fbpx

9 Health Benefits of Flaxseed + How to Use It

A highly nutritious food, flaxseed is most famous for its omega-3 content. Learn about the benefits of flaxseed, plus how to find and use it.

9 Health Benefits of Flaxseeds (The Grow Network)

Image by Petra from Pixabay

Flaxseed: An Overview

  • Botanical Name: Linum usitatissimum
  • Family: Linaceae
  • Other Common Names: Flax, common flax, blue flax, alpine flax
  • Parts Used: Seeds
  • Energetics: Moist
  • Thermal Properties: Cool
  • Actions: Anti-inflammatory, antioxidant, antiproliferative, antithrombic, aperient, demulcent, depurative, emollient, nutritive
  • Taste: Sweet
  • Plant Uses: Nourishing food, hormonal balance, anti-cancer, digestive system support, hair, skin and nails, heart health, weight loss, bone support, inflammation
  • Plant Preparations: Food, oil, egg substitute, livestock feed, poultice
  • Toxicities/Warnings: Flax is generally a very safe plant. It can sometimes can cause gas and bloating. Excessive consumption can have a stronger laxative effect than desired. Flaxseed contains small amounts of cyanogenic compounds, which can cause stomach upset in sensitive individuals. Flax may exaggerate the effects of blood sugarlowering medicines. Flax also has a blood-thinning effect and should not be taken with NSAIDs.

Flaxseed Through the Ages

Flax is a multi-use plant and longtime companion to humans. We may have been cultivating it since 10,000 BC. Stone-age dwellings in Switzerland, dated to 8,000 BC, contain flaxseed remains.1)“Flaxseed: Benefits and Nutrition Facts.” Mercola.com. Accessed April 5, 2020. https://foodfacts.mercola.com/flaxseed.html.2)Price, Annie. “This Oil Improves Digestion, Skin & Hearth Health.” Dr. Axe, October 18, 2018. https://draxe.com/nutrition/flaxseed-oil-benefits/. The ancient Egyptians were believed to have used it to create linen, and the Babylonians were using it as early as 3,000 BC.3)“Flaxseed: Benefits and Nutrition Facts.” Mercola.com. Accessed April 5, 2020. https://foodfacts.mercola.com/flaxseed.html.4)“How to Know When Flax Is Rancid.” Mercola.com. Accessed April 5, 2020. https://articles.mercola.com/sites/articles/archive/2017/02/25/how-to-know-when-flaxseed-is-rancid.aspx. Between 4,000 and 2,000 BC, flax cultivation started in the Middle East and around the Mediterranean sea.5)Price, Annie. “This Oil Improves Digestion, Skin & Hearth Health.” Dr. Axe, October 18, 2018. https://draxe.com/nutrition/flaxseed-oil-benefits/.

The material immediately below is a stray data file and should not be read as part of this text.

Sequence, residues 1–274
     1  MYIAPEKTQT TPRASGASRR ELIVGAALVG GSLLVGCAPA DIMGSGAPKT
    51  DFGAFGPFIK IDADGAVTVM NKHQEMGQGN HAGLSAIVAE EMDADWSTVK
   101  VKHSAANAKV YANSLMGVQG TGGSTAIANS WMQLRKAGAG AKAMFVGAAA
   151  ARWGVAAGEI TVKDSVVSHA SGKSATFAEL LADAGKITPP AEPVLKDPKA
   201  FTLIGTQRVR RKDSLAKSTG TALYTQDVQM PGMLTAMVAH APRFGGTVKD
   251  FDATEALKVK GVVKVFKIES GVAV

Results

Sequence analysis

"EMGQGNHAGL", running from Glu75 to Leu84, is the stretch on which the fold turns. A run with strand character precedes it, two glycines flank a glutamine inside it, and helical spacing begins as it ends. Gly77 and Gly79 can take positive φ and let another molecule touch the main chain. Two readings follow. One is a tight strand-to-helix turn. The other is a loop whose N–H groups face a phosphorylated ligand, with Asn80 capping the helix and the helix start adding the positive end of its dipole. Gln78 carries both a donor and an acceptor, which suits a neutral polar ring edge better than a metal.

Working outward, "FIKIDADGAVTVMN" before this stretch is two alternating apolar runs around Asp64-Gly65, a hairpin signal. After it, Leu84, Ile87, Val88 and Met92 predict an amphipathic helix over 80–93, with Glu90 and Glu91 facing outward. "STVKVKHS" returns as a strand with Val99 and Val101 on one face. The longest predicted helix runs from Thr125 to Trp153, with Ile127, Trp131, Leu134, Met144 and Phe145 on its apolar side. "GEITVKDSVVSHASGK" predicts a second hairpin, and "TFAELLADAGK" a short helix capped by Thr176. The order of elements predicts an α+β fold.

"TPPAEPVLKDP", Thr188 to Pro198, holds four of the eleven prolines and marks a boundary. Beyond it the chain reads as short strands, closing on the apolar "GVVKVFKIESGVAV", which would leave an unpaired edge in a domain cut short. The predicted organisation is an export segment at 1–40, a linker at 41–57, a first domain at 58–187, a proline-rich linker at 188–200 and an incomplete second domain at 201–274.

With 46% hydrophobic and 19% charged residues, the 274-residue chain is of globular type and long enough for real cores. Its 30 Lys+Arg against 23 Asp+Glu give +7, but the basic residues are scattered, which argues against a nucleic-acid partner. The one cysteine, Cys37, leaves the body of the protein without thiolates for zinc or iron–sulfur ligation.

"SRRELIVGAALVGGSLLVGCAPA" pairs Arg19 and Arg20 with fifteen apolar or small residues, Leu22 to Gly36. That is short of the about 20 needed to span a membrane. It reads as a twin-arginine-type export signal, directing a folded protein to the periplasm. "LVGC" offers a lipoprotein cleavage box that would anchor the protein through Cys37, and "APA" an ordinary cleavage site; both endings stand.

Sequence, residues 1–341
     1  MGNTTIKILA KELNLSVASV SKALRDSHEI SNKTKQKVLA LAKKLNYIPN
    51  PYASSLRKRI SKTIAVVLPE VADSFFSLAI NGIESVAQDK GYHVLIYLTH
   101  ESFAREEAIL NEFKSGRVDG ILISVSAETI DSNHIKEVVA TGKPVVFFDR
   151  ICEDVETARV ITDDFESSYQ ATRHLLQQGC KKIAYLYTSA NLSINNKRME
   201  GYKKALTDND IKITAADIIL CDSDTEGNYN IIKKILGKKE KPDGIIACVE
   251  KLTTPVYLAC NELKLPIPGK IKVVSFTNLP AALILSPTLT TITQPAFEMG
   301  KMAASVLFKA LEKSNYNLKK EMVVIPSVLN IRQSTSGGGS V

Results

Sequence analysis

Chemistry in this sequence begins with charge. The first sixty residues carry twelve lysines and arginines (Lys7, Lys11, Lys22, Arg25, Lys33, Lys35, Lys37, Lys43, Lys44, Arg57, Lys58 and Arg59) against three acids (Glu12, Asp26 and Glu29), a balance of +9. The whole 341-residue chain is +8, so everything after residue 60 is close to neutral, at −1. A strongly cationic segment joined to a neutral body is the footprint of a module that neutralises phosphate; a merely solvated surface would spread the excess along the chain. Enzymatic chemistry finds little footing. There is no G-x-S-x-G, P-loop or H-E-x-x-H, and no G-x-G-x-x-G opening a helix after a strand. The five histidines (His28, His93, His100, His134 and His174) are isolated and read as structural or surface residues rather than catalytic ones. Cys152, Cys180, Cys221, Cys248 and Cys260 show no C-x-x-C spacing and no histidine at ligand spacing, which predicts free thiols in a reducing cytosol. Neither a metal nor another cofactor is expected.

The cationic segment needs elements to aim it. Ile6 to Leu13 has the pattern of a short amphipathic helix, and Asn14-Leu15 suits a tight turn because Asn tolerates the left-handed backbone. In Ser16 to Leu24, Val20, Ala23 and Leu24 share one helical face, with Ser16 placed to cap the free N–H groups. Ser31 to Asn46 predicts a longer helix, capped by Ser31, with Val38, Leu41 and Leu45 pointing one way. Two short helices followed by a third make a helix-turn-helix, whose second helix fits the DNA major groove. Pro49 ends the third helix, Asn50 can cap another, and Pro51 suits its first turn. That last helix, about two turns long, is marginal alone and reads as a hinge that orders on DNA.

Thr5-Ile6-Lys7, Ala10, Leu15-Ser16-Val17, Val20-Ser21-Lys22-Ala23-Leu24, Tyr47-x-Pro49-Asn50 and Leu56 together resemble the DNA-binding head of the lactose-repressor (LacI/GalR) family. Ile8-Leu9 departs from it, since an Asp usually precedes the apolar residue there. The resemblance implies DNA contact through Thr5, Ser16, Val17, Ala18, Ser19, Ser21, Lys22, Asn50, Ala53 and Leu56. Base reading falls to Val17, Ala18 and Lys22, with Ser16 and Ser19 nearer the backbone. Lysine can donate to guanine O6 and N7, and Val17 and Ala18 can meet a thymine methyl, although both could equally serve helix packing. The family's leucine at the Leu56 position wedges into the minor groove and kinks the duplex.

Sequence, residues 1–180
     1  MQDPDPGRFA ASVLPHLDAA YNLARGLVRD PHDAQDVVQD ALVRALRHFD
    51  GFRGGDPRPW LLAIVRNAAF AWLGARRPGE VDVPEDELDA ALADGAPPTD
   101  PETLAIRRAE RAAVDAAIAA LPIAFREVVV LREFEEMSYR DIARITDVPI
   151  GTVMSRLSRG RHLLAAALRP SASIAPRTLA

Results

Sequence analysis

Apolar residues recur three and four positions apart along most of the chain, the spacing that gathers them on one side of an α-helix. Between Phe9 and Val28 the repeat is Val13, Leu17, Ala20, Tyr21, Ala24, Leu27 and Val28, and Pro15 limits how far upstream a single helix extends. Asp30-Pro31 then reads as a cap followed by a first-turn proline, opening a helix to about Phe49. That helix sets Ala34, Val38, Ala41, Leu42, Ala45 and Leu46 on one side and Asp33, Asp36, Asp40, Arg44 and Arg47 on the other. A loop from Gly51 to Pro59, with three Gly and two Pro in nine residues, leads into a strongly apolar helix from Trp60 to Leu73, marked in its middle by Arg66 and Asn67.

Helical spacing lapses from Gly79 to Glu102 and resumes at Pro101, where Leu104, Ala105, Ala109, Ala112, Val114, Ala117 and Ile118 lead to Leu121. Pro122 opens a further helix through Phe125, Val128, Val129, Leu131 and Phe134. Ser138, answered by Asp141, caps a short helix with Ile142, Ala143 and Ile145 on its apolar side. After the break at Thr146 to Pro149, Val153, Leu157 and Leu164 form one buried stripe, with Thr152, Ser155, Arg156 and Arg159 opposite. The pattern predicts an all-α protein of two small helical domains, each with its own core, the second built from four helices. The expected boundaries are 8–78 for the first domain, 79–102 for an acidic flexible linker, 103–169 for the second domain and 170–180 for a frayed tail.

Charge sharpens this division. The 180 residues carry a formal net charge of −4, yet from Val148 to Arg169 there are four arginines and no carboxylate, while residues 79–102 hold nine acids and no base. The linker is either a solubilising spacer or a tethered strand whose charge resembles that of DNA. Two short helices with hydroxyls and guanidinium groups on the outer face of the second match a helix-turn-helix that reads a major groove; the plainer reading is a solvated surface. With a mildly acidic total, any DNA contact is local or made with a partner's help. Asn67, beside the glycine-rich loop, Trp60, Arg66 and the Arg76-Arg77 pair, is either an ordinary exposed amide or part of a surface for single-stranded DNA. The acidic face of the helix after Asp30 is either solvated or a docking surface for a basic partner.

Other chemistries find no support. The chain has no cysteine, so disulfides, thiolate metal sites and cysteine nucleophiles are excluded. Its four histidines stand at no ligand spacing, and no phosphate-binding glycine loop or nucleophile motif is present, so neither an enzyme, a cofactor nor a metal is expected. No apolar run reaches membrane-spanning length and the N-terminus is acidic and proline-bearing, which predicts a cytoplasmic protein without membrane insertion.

Flax has been used for various medical, nutritional, and utility purposes. The fibers have been used for making paper, rope, linen, muslin, parachute harnesses, and bandages.6)Chevallier, Andrew. The Encyclopedia of Herbal Medicine: New York: DK Publishing, Inc., 2016. The word “linen” is derived from one of flax’s alternate names, “linseed,” and is itself a cognate for the ancient name (and genus) for flax, “Linum.” The other half of the scientific name, “usitatissimum,” means “most useful.” Thus, its scientific name means, “most useful species of flax.”

You May Also Enjoy:

“15+ Ways to Use Cleavers—From Dinner to Detox”

“19 Benefits of Hibiscus: Blood Pressure Regulator, Cancer Fighter, Liver Protector, and Much More!”

“12 Uses for Rose Petals — From the Kitchen to the Boudoir (With Recipes)”

But flax’s uses go beyond textiles and other utilities. It’s long been used as food for both people and livestock. In the 8th century, Charlemagne even required his subjects to consume flaxseed.7)“Flaxseed: Benefits and Nutrition Facts.” Mercola.com. Accessed April 5, 2020. https://foodfacts.mercola.com/flaxseed.html. Flax has also been a traditional medical plant in Ayurveda, Traditional Chinese Medicine, and other systems.